by Chris Reed | March 19, 2014 6:00 am
With Asian-Americans making up 14 percent of the state’s electorate, there is a small but real chance that this past month’s developments in the Legislature could prove the biggest story in California politics in years. I refer to Asian Democratic lawmakers pulling their support from the usual broad Democratic coalition’s push to to use a ballot initiative to go back to the pre-Prop. 209 days on college admissions.
These didn’t pull any punches, echoing what they were hearing from their constituents: Asian parents didn’t want racial quotas keeping their deserving kids out of the UC and CSU campuses of their choice. Their framing: What you define as “social justice” is punishing Asians in the name of atoning for historical white racism.
But will this sharp single-issue split lead to an Asian political realignment? Or just to a shakier Democratic coalition in which Asian-Americans are still largely reliable members?
The latter is far more likely because of how damaged the GOP brand is with Asian-Americans. A new Politico analysis written by three academics opens with the painful account of Kansas Republican Sen. Pat Roberts’ awkward, patronizing and goofy comments to an Indian-American doctor nominated by President Obama to be surgeon general, then says the following:
“… this is exactly the sort of exchange that makes Asian Americans — the fastest growing ethnic group in the country — more likely to identify themselves as Democrats than Republicans, and by stunning margins. In the 2012 presidential election, Barack Obama won 73 percent of the Asian American vote, exceeding his support among Hispanics (71 percent) and women (55 percent).”
Politico points out something that I find amazing: Republicans …
“… seem generally mystified as to what they might be doing wrong. … Asian Americans as a group have certain characteristics that would ordinarily predict a Republican political affiliation, most strikingly their level of income, which on average, is higher than any other ethnic group in the United States. …
“Other conservatives have pointed to less tangible characteristics of Asian Americans, such as an emphasis on discipline in child rearing and a penchant for entrepreneurship, that ought to make them Republicans. ‘If you are looking for a natural Republican constituency, Asians should define “natural”,’” notes the American Enterprise Institute’s Charles Murray. “And yet something has happened to define conservatism in the minds of Asians as deeply unattractive.”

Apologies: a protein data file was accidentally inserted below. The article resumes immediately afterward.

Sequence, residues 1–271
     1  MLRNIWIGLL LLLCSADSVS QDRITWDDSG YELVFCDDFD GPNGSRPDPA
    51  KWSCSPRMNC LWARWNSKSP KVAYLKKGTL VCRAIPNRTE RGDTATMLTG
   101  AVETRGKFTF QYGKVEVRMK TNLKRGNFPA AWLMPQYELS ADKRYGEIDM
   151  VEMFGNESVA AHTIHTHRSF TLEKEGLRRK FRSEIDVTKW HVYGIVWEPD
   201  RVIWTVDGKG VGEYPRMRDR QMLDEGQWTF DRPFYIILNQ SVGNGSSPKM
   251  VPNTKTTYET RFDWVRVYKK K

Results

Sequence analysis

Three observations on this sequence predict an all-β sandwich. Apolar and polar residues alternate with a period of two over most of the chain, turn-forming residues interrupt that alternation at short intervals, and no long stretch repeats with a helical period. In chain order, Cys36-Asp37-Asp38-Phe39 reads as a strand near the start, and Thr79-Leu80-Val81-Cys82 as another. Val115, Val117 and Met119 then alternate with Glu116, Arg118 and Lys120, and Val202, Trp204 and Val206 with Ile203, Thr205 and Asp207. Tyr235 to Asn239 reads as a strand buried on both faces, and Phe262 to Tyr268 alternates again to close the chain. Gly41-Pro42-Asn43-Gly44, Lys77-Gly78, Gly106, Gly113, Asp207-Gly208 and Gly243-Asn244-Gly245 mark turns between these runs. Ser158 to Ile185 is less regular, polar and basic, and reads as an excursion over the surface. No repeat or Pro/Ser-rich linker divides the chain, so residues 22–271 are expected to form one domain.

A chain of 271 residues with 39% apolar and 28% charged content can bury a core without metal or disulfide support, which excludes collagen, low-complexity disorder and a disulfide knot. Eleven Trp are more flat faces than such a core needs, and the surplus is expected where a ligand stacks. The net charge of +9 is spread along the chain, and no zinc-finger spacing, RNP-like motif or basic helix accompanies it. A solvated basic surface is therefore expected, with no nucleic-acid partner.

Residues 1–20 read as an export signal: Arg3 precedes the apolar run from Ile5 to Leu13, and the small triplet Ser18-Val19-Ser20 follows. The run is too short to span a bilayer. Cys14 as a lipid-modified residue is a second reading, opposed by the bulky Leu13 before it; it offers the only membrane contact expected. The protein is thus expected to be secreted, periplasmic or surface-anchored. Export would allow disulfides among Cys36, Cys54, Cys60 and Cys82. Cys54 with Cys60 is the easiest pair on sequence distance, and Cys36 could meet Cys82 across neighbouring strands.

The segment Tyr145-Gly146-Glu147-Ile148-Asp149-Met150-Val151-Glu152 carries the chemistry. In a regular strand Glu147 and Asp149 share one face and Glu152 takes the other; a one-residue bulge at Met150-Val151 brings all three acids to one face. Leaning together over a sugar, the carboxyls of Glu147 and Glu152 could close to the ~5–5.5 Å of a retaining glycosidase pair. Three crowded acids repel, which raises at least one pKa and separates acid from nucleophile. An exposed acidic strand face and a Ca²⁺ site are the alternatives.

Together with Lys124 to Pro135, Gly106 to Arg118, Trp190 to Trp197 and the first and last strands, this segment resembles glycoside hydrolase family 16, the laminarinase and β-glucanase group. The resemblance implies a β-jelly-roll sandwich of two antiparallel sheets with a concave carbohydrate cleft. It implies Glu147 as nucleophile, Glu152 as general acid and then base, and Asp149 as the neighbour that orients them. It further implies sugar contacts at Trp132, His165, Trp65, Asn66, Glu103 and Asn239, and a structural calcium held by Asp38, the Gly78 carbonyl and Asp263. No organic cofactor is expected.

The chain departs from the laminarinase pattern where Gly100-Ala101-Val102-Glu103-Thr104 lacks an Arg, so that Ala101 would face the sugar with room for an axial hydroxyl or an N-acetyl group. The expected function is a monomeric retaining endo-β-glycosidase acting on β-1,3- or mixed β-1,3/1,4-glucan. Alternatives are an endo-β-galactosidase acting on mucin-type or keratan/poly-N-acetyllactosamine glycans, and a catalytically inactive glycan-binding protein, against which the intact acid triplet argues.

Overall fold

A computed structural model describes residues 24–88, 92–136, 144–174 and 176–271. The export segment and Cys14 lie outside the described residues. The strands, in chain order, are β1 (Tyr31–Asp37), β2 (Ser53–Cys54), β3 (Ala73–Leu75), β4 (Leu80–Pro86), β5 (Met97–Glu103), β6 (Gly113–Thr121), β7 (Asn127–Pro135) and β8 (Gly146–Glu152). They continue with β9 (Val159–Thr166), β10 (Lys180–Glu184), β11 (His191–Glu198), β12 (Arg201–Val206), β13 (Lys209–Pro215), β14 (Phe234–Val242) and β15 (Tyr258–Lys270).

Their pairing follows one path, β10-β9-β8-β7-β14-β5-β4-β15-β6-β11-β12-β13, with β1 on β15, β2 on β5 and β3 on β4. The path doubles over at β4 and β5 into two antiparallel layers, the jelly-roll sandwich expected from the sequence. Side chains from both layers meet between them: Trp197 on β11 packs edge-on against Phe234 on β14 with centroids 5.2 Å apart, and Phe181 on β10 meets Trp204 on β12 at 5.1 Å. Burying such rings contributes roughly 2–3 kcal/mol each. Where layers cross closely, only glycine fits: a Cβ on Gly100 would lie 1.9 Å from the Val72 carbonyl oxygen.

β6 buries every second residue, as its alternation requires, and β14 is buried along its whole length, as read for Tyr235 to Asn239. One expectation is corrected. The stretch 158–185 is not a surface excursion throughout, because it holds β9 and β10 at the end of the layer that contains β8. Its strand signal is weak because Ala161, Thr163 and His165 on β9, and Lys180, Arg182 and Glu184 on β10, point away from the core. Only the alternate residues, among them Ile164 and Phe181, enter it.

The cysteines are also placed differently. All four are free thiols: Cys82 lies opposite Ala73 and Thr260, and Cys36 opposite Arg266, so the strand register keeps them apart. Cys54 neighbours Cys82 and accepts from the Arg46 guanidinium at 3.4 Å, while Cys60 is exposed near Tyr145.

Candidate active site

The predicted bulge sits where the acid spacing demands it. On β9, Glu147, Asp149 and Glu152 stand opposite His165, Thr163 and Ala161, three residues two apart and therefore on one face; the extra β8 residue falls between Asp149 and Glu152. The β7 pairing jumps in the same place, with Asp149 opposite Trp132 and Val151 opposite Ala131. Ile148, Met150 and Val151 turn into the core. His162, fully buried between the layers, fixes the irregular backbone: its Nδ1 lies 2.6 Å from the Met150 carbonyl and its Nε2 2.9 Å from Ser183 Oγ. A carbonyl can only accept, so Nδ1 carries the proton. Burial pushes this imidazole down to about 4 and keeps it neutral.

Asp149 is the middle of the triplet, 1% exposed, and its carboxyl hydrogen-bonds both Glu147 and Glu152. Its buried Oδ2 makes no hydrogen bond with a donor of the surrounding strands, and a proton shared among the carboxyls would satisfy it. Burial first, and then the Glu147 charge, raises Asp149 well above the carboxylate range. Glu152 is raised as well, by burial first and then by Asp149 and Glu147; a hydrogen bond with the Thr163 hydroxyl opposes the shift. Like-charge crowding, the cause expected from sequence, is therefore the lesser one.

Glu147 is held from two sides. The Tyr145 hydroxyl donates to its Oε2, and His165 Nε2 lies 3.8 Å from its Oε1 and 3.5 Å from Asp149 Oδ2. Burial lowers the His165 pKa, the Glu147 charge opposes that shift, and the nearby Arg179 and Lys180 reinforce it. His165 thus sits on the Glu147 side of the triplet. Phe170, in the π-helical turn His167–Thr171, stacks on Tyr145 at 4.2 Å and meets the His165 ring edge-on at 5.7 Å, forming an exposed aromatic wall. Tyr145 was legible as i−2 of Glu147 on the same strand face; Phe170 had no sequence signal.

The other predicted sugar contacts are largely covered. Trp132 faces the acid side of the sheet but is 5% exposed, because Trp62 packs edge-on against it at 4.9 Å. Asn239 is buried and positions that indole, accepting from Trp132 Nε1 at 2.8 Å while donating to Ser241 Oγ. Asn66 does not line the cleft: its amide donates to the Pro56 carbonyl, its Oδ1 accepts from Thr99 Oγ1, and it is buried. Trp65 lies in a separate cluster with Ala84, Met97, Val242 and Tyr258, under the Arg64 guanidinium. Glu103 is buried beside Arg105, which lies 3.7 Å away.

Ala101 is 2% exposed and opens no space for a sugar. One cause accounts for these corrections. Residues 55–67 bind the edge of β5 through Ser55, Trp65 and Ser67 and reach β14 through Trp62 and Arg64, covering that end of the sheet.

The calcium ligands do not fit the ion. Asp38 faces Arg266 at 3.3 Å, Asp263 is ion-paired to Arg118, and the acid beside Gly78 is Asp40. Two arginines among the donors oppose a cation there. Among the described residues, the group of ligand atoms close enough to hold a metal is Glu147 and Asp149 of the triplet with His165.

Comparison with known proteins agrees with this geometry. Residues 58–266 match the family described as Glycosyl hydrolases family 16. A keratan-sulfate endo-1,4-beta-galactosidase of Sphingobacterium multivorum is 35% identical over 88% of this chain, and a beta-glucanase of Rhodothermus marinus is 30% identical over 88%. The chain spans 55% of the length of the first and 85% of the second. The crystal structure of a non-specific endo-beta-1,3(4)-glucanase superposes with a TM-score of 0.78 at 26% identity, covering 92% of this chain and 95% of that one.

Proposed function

Yes, “something has happened,” but it’s hardly a mystery. Republicans are perceived as looking down on nonwhites. GOPers may say it’s unfair, but nothing else explains their huge underperformance with Asian voters. The academics agree, and offer some hard evidence, not just anecdotes.
“First, there’s race. The feeling of social exclusion stemming from their ethnic background might push Asian Americans away from the Republican Party. Many studies, like Henri Tajfel and John Turner’s work on the psychology of intergroup relations, have shown that one’s identification with a broad category of people—be it on the basis of language, ethnic or racial solidarity or some other trait—is important politically. Republican rhetoric implying that the (non-white) ‘takers’ are plundering the (white) ‘makers’ has cultivated a perception that the Republican Party is less welcoming of minorities. …
“And many Asian-Americans do feel like they don’t get equal treatment. According to the 2008 National Asian American Survey, nearly 40 percent of Asian Americans suffered one of the following forms of racial discrimination in their lifetime: being unfairly denied a job or fired; unfairly denied a promotion at work; unfairly treated by the police; unfairly prevented from renting or buying a home; treated unfairly at a restaurant or other place of service; or been a victim of a hate crime. We found that self-reported racial discrimination was positively correlated with identification with the Democratic Party over the Republican Party.”
Now if this doesn’t make it obvious to California Republicans that letting Neel Kashkari be their gubernatorial candidate for the inevitable November GOP loss to Jerry Brown, nothing will. I wish he didn’t vote for Obama in 2008 and I wish he didn’t see his role as “bailout czar” in the big-government TARP (Troubled Asset Relief Program) as such a badge of honor.
But if you want Asian-Americans in California to take a fresh look at the GOP — and if you’re a Republican, you do, you do, you do — then the political math is about as difficult as two plus two equals four.
Strategery: Sometimes you just have to go there.
Source URL: https://calwatchdog.com/2014/03/19/will-failed-prop-209-rollback-help-gop-with-asian-voters-it-depends/
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